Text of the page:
Ungern was on the run. But his forces were highly mobile, sustaining themselves by living off the land or through piratical raids. They forcibly conscripted new soldiers into their ranks and wore tattered uniforms made from animal skins.
An opportunity presented itself in Mongolia. The Bogd Khan (the resident monarch) sought an alliance with Ungern to drive out occupying Chinese forces. For Ungern, shifting his forces into Mongolia served both practical and ideological needs.
They could recruit or conscript new soldiers—but also fulfill a new purpose.
[Ungern] had striven to save the empire he had been raised in, but it was almost irretrievably corrupted. Russia’s core had been lost to the Bolsheviks. A new empire would have to be created, and he had the model for it in the empire of Genghis Khan, which had once stretched ‘from the Amur Mountains to the Caspian Sea.’ Ungern did not believe himself, as some later claimed, to be the reincarnation of Genghis Khan; instead he saw himself as restoring his legacy.
His army also marched under a diverse set of banners reflecting the hodge-podge of Ungern’s beliefs.
One banner included the symbol of the Grand Duke Michael represented as the new Russian emperor. Another banner included an image of Jesus Christ with a yellow background, symbolizing Buddhism. Another banner featured the swastika.
“This was, of course, an old and valued Buddhist motif, but Ungern would also have been aware of its anti-Semitic interpretation, as would most of the Whites,” Palmer wrote.
The battle for Mongolia’s capital
Until Ungern’s capture and execution in 1921, his troops engaged in scattered battles with numerically larger Chinese forces. At the same time, a bizarre cult emerged among Buddhist lamas loyal to Ungern or his Mongolian allies.
“There was no official Mongolian recognition of Ungern as an incarnate god, despite all the other titles heaped on him,” Palmer cautioned. “The belief probably sprang up spontaneously: a mysterious figure from the north, riding a white horse, ignoring bullets and claiming to fulfill ancient prophecies—it was only logical to think him a god.”
At the peak of his power—which wasn’t much—his forces numbered between 5,000 and 6,000 troops. About half of them were Mongolians, with others from Russia, Japan, China and Central Asia. (Russians made up the largest non-Mongolian contingent.) They used Japanese rifles, Italian machine guns—extending to pikes and lances.
The largest battles fought during this period centered around Urga, today the modern Mongolian capital of Ulaanbaatar.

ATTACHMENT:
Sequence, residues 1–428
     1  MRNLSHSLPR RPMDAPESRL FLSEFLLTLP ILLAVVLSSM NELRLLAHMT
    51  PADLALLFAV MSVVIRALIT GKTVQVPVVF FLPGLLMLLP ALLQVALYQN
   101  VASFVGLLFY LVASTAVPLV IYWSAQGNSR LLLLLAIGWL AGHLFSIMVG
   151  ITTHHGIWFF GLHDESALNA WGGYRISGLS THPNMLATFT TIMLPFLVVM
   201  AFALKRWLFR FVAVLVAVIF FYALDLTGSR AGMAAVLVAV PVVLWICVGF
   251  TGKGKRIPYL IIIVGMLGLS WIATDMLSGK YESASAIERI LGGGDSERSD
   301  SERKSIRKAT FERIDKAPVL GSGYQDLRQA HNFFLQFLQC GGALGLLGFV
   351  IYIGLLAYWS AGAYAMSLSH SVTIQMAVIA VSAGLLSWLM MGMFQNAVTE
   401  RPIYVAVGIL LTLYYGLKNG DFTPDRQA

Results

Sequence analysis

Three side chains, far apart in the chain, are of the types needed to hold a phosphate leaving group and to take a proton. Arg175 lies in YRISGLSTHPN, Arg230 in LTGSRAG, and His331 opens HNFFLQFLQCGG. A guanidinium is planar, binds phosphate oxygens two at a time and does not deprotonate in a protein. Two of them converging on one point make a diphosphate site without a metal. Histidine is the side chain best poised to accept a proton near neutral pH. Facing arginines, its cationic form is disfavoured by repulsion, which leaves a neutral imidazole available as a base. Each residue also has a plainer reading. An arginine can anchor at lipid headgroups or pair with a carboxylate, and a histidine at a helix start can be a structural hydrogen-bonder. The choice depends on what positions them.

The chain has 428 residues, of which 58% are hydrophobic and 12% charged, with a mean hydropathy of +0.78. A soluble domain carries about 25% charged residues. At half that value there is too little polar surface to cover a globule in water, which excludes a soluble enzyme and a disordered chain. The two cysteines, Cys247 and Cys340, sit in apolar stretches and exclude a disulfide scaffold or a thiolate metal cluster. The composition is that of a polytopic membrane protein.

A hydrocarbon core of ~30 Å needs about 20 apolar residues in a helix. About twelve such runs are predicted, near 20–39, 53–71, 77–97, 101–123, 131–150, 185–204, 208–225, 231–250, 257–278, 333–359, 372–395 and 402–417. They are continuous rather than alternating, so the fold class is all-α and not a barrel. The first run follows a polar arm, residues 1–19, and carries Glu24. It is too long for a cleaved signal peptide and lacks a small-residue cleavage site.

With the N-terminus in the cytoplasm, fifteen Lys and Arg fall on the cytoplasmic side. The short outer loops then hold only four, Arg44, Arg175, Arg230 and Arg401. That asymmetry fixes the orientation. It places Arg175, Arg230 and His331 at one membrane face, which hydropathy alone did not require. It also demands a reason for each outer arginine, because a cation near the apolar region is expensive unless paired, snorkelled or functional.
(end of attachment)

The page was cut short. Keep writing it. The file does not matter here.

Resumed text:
The city had been walled by heavily-armed Chinese troops, but the soldiers were demoralized and poorly trained. In October 1920, several attacks by Ungern’s troops were repulsed by Chinese artillery.
The following February, Ungern’s forces were freezing and running out of food. His men reconnoitered an unguarded gate and launched a surprise assault. Tibetan monks serving with Ungern’s force joined the push, “their clothes lightly smeared with butter and their faces painted with soot to strike fear into enemies of the faith.”
The horseback soldiers stormed into the city, which descended into house-to-house fighting.
“Once the gates were breached, the fighting turned into a general killing spree,” Palmer wrote. The Chinese troops abandoned the city. Many were later hunted down and slain in the countryside.
What befell the city’s inhabitants was sickeningly brutal and ugly—including indiscriminate attacks on Jews, Russian emigres and Chinese residents. Victims were strung up along city streets. One Russian soldier serving in Ungern’s forces had a reputation for killing the elderly with his hands.
But Ungern’s terrible reign would only last a few months.
At this point, he was the last prominent White commander still on the loose. The capture of Urga shocked the Kremlin, which proceeded to invade Mongolia. The Red Army splintered Ungern’s forces, and he was captured in August 1921, put on trial and shot by firing squad.
He was 35.
Since his death, his legacy has been largely confined as a footnote to the horrors that would later inflict Europe during the Holocaust and the Second World War. “In the murky world of post-war rightist occultism he was remembered as a precursor figure of the weirder fringes of Nazism,” Palmer wrote.
Accounts of his brief reign would filter back into Germany, which provided inspiration to some extreme nationalists and lurid pulp books. Today, he’s still celebrated on neo-Nazi Websites.
But he was also a precursor to sinister, rebel cults operating today. He moved around in remote, ungoverned spaces and forged a reputation for cruelty. He was highly maneuverable and his forces operated over vast, wild areas.
But once a committed force was tasked with hunting him down, his days were numbered. He wasn’t impossible to stop.